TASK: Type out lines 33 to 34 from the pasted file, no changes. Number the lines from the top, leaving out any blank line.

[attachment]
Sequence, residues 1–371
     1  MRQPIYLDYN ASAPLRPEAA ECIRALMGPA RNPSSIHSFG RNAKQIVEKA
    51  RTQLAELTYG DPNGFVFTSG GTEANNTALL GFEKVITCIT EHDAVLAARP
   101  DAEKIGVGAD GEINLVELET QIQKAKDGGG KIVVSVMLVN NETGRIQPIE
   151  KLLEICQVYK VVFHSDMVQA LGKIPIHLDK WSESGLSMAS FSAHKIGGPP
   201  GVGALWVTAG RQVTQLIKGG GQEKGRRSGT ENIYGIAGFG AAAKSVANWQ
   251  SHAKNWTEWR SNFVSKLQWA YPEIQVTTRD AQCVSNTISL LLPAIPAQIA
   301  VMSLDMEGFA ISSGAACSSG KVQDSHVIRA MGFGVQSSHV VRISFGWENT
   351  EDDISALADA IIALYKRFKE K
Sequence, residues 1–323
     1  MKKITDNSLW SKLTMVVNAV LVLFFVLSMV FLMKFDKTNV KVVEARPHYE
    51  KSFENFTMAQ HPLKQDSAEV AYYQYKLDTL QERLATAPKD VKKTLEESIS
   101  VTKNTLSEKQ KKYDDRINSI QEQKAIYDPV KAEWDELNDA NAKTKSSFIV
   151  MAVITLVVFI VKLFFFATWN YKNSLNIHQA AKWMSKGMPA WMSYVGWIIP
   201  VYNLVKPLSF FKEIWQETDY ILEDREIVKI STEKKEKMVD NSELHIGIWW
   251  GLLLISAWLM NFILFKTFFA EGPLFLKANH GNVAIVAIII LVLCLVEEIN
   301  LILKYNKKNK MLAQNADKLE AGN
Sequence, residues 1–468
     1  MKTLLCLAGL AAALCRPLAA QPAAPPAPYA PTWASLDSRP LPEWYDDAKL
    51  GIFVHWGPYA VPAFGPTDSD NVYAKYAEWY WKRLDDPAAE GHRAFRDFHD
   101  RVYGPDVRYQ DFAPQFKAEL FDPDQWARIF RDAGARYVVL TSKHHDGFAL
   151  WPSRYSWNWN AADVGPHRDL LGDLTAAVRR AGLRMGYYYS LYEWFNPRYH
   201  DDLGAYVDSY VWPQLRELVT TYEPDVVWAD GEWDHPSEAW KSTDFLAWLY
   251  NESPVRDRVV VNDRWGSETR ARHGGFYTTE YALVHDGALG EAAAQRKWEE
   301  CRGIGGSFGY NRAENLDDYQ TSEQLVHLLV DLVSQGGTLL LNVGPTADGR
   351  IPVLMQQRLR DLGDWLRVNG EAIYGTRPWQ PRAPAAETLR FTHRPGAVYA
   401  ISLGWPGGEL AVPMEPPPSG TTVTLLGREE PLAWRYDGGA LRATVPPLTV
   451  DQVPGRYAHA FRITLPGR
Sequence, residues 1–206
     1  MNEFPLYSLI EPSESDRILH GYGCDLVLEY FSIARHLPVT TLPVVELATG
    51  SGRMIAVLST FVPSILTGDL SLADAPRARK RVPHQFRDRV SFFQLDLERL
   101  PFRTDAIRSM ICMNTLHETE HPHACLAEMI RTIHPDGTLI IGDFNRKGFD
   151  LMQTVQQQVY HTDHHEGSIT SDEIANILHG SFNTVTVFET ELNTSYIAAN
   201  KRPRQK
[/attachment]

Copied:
   151  LMQTVQQQVY HTDHHEGSIT SDEIANILHG SFNTVTVFET ELNTSYIAAN
   201  KRPRQK